12. 12. Risk stratification of patients with DM <ul><li>Risk stratification </li></ul><ul><ul><li>8 million cases of DM undiagnosed </li></ul></ul><ul><ul><ul><li>Polyuria, nocturia, polydipsia, polyphasia, weakness, obesity, weight loss, pruritus </li></ul></ul></ul><ul><ul><li>Co-morbidities </li></ul></ul><ul><ul><ul><li>Hypertension </li></ul></ul></ul><ul><ul><ul><li>Dyslipidemia </li></ul></ul></ul>
  13. 13. Risk stratification of patients with DM <ul><ul><li>Microvascular disease </li></ul></ul><ul><ul><ul><li>Retinopathy </li></ul></ul></ul><ul><ul><ul><li>Renal dysfunction </li></ul></ul></ul><ul><ul><li>Macrovascular disease </li></ul></ul><ul><ul><ul><li>Coronary artery disease </li></ul></ul></ul><ul><ul><ul><ul><li>Unstable coronary syndromes </li></ul></ul></ul></ul><ul><ul><ul><ul><li>Cardiac arrhythmias </li></ul></ul></ul></ul><ul><ul><ul><ul><li>Heart failure </li></ul></ul></ul></ul><ul><ul><ul><li>Cerebrovascular disease </li></ul></ul></ul><ul><ul><ul><li>Peripheral vascular disease </li></ul></ul></ul>
  14. 14. Risk stratification of patients with DM <ul><ul><li>Neuropathy </li></ul></ul><ul><ul><ul><li>Peripheral sensory neuropathy </li></ul></ul></ul><ul><ul><ul><li>Peripheral autonomic neuropathy </li></ul></ul></ul><ul><ul><ul><ul><li>Tachycardia </li></ul></ul></ul></ul><ul><ul><ul><ul><li>Silent myocardial ischemia </li></ul></ul></ul></ul><ul><ul><ul><ul><li>Exercise intolerance, i.e., reduced functional capacity </li></ul></ul></ul></ul><ul><ul><li>Glycemic control </li></ul></ul><ul><ul><ul><li>SMBG </li></ul></ul></ul><ul><ul><ul><li>HbA1c </li></ul></ul></ul>
  15. 15. Risk stratification of patients with DM <ul><li>Functional capacity </li></ul><ul><ul><li>An individuals ability to perform a spectrum of common daily tasks </li></ul></ul><ul><ul><ul><li>Expressed in terms of metabolic equivalents (METs). </li></ul></ul></ul><ul><ul><ul><ul><li>1 MET </li></ul></ul></ul></ul><ul><ul><ul><ul><ul><li>The oxygen consumption of a 70-kg, 40-year-old man in a resting state, i.e., 3.5 ml per kg per minute </li></ul></ul></ul></ul></ul><ul><li>J Am Coll Cardiol 2002;39:542-553. </li></ul>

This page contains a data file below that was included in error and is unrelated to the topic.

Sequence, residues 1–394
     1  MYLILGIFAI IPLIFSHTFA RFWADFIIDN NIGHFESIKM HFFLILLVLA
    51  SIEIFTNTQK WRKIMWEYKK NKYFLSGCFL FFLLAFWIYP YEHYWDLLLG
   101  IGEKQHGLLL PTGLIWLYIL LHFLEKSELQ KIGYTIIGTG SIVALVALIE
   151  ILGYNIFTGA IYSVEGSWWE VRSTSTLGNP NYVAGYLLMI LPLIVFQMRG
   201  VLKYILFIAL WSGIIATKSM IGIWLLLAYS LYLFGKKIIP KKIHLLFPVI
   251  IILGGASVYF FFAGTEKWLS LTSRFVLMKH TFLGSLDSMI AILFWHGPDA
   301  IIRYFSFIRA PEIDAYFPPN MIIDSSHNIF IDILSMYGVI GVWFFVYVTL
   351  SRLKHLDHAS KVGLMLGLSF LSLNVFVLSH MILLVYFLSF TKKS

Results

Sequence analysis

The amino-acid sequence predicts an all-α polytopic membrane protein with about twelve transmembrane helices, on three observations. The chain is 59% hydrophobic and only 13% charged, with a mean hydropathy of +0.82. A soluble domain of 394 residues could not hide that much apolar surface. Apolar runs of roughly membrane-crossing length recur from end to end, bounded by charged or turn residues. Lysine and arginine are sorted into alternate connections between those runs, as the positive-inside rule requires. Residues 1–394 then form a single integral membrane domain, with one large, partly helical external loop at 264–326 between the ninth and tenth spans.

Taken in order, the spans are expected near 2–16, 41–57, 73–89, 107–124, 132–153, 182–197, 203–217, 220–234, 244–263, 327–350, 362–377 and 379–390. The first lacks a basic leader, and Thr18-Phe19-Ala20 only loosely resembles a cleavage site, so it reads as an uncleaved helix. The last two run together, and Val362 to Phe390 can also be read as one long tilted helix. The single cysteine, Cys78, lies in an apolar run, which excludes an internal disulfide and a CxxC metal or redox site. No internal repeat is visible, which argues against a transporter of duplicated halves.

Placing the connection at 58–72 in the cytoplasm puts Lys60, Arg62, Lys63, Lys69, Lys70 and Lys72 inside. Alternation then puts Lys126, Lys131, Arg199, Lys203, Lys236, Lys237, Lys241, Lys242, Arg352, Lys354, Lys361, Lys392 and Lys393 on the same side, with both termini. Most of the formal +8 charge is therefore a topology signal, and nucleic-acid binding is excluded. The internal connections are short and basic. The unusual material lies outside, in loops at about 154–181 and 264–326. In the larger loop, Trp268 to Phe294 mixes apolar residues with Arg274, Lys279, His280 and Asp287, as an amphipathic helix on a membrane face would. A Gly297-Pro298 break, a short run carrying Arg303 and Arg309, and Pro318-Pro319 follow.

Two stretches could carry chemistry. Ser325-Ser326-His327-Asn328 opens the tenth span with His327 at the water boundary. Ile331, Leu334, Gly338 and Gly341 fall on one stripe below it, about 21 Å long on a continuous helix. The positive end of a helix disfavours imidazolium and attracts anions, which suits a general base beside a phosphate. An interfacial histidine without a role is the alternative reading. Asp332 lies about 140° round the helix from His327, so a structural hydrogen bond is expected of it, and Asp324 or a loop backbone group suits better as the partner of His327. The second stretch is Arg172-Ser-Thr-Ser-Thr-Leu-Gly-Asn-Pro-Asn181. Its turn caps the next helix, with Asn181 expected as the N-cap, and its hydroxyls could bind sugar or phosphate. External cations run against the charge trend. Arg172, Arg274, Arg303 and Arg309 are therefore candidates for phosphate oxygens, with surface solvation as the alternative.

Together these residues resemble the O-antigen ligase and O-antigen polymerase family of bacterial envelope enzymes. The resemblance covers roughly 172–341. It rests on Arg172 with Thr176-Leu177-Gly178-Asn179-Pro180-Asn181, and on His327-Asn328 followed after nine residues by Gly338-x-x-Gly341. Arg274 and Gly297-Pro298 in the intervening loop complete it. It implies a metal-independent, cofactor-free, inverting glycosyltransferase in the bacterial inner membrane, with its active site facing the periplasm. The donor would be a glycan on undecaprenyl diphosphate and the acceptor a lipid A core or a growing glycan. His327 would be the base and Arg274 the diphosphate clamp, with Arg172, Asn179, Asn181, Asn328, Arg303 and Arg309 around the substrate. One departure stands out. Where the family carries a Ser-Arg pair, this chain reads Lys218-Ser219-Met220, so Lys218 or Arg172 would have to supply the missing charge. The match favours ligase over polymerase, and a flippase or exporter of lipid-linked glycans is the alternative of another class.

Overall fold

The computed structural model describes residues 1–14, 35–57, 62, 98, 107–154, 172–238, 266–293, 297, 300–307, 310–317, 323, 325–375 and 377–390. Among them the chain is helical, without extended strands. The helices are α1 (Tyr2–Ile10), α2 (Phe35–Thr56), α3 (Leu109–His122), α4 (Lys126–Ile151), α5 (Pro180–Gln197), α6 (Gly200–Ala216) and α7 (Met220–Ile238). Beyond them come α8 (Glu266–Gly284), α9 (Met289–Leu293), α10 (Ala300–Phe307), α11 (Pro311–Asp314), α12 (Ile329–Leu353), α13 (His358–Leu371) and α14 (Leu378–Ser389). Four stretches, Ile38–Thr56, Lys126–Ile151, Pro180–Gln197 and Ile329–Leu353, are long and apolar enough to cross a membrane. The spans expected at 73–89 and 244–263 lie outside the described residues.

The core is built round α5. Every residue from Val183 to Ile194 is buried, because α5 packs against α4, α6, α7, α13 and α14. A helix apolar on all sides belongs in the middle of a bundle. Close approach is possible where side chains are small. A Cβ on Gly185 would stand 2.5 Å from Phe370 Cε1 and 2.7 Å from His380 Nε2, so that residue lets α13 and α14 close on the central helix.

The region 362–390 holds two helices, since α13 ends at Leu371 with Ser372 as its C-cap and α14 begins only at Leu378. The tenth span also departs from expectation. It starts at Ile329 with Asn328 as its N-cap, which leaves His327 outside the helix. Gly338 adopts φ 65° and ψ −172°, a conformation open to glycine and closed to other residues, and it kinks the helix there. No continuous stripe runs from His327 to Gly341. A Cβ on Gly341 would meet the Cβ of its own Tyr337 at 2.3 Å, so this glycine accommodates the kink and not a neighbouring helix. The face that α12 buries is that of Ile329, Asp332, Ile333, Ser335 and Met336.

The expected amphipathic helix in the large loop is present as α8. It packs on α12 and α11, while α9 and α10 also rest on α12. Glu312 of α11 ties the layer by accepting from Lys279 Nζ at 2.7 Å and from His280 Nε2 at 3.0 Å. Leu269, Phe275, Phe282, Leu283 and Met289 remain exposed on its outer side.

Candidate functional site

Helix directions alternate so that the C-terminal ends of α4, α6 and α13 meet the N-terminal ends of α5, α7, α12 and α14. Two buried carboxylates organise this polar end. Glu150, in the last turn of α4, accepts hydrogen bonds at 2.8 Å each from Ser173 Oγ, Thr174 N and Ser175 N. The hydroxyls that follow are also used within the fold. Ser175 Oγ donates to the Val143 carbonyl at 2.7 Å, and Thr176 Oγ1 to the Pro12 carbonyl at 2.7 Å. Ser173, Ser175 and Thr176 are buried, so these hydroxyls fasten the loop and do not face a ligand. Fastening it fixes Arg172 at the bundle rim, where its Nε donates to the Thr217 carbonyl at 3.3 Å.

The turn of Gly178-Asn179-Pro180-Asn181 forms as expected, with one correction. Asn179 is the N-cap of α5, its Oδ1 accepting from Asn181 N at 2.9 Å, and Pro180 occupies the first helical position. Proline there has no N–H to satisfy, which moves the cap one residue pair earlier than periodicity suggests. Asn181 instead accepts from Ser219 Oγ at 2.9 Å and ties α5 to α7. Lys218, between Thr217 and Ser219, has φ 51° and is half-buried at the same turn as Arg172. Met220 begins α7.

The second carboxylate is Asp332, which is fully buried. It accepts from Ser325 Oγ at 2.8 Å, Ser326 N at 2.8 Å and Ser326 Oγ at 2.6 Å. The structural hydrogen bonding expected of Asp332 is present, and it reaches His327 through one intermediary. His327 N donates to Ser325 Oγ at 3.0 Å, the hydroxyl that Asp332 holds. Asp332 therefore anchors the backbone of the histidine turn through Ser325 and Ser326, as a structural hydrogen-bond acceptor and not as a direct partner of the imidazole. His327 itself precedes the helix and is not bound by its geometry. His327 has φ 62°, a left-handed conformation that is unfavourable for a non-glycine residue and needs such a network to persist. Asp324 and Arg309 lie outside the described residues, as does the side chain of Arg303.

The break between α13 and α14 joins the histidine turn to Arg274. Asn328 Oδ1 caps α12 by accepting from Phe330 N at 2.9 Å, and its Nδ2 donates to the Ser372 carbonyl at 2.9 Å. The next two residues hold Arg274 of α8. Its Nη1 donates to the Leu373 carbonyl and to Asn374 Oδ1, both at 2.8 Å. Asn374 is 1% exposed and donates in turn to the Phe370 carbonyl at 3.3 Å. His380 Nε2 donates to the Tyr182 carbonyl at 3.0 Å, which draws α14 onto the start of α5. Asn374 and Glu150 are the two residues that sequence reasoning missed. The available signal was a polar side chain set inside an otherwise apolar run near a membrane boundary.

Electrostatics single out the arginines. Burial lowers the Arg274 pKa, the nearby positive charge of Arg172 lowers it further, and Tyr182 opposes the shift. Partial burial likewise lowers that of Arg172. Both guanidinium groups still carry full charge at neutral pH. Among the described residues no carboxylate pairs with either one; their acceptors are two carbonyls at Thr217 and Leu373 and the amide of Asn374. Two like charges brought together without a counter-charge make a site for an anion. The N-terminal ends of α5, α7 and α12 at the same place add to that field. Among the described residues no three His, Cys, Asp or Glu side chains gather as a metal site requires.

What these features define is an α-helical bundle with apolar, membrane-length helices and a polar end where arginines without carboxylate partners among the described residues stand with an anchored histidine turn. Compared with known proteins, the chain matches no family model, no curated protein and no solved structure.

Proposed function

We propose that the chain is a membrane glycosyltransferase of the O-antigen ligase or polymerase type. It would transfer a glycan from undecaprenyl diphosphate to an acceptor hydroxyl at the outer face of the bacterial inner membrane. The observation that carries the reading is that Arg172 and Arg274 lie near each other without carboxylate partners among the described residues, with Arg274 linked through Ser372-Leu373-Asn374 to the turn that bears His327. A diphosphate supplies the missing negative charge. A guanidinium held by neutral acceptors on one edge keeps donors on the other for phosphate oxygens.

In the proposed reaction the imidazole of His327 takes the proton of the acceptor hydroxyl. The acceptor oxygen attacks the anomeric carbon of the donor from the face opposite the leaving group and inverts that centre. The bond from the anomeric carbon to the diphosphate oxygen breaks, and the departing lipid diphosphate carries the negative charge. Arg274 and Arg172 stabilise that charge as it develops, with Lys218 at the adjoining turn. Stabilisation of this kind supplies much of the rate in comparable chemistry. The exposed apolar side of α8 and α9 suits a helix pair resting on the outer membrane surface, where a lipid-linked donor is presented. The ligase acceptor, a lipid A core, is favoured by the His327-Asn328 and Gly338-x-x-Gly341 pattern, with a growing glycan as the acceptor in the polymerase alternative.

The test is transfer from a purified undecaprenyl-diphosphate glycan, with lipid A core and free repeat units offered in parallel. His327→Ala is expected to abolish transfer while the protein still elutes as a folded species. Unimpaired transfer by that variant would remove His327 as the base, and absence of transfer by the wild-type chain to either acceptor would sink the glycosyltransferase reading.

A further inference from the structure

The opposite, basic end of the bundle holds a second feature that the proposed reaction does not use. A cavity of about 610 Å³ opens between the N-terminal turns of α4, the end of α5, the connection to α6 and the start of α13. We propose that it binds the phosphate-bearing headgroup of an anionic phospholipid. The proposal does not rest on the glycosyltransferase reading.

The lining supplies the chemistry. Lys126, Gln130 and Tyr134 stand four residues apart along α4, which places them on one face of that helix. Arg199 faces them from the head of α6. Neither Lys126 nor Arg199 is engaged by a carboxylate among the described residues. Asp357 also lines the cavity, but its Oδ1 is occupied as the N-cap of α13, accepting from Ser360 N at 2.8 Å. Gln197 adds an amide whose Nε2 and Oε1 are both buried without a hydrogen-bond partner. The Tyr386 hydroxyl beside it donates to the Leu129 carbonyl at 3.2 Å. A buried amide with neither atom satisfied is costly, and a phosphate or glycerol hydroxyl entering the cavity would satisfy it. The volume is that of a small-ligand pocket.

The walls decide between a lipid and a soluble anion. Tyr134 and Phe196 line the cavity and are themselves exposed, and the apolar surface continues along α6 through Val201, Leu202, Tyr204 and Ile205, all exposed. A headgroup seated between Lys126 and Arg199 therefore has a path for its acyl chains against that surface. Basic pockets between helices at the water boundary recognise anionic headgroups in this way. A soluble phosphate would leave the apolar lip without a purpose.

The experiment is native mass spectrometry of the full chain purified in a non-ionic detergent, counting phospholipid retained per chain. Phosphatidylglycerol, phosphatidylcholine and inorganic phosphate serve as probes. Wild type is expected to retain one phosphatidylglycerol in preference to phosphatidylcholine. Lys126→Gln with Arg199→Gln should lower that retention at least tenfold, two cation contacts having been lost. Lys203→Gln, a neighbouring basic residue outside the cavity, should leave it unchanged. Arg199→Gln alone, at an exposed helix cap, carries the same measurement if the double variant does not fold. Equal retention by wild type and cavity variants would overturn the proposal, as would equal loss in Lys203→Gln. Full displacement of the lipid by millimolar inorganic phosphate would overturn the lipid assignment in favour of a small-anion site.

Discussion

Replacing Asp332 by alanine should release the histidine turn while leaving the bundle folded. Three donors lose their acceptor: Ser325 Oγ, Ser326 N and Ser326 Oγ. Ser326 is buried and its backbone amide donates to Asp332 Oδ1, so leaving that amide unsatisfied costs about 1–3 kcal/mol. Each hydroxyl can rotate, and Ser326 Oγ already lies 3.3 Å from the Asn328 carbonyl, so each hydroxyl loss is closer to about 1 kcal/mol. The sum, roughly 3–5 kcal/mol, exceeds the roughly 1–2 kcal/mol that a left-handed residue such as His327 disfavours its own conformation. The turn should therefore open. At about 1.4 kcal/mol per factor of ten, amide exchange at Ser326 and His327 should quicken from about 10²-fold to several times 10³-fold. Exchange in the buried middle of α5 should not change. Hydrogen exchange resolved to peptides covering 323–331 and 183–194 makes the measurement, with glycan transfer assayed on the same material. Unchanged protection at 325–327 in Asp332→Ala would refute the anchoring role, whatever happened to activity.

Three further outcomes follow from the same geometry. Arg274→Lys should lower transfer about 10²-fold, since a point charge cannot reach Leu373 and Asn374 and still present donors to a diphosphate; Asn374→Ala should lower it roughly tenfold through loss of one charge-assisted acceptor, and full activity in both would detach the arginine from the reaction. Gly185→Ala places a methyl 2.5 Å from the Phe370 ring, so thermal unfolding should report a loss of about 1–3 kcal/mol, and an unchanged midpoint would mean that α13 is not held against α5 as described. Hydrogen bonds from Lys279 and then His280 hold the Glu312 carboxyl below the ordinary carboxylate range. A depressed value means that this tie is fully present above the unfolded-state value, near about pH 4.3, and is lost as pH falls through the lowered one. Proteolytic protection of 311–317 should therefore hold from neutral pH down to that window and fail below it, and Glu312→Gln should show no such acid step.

16. 16. Risk stratification of patients with DM <ul><ul><li>Excellent functional activities (>10 METs) </li></ul></ul><ul><ul><ul><ul><li>Strenuous recreational activities </li></ul></ul></ul></ul><ul><ul><li>Good functional capacity (7-10 METs) </li></ul></ul><ul><ul><ul><li>Scrubbing floors, lifting or moving heavy furniture </li></ul></ul></ul><ul><ul><ul><li>Moderate recreational activities </li></ul></ul></ul><ul><ul><li>Moderate functional capacity (4-7 METs) </li></ul></ul><ul><ul><ul><li>Climb a flight of stairs or walk up a hill </li></ul></ul></ul><ul><ul><ul><li>Mow the grass, rake leafs, do light carpentry </li></ul></ul></ul><ul><ul><ul><li>Walk a block on level ground at 6.4 km/h </li></ul></ul></ul><ul><ul><ul><li>Run a short distance </li></ul></ul></ul>
  17. 17. Risk stratification of patients with DM <ul><ul><li>Poor functional capacity (<4 METs) </li></ul></ul><ul><ul><ul><li>Dress, eat, or use the toilet </li></ul></ul></ul><ul><ul><ul><li>Walk around the house indoors </li></ul></ul></ul><ul><ul><ul><li>Do light work around the house (dusting, washing dishes) </li></ul></ul></ul><ul><ul><ul><li>Walk a block on level ground at 3.2 km/h </li></ul></ul></ul><ul><ul><li>Cardiac risk is increased in patients unable to meet 4-METs </li></ul></ul><ul><ul><ul><li>DM is an intermediate predictor of cardiovascular risk association with non-cardiac procedures </li></ul></ul></ul><ul><ul><ul><li>Peripheral autonomic neuropathy leads to reduced exercise tolerance, i.e., reduced functional capacity </li></ul></ul></ul>
  18. 18. Risk stratification of patients with DM <ul><ul><li>Procedure-related CV risk with non-cardiac surgical procedures </li></ul></ul><ul><ul><ul><li>Predicated on procedure-specific variables </li></ul></ul></ul><ul><ul><ul><ul><li>Fluid shifts </li></ul></ul></ul></ul><ul><ul><ul><ul><li>Blood loss </li></ul></ul></ul></ul><ul><ul><ul><ul><li>Duration of the procedure </li></ul></ul></ul></ul><ul><ul><ul><ul><li>Physiological stress </li></ul></ul></ul></ul><ul><ul><ul><li>Cardiac risk for various dental procedures </li></ul></ul></ul><ul><ul><ul><ul><li>Low to very low risk (<001%) </li></ul></ul></ul></ul><ul><li>* Oral Surg Oral Med Oral Pathol Oral Radiol Endod 1996;82:42-46. </li></ul><ul><li>*Arch Intern Med 2001;161:1509-1512. </li></ul>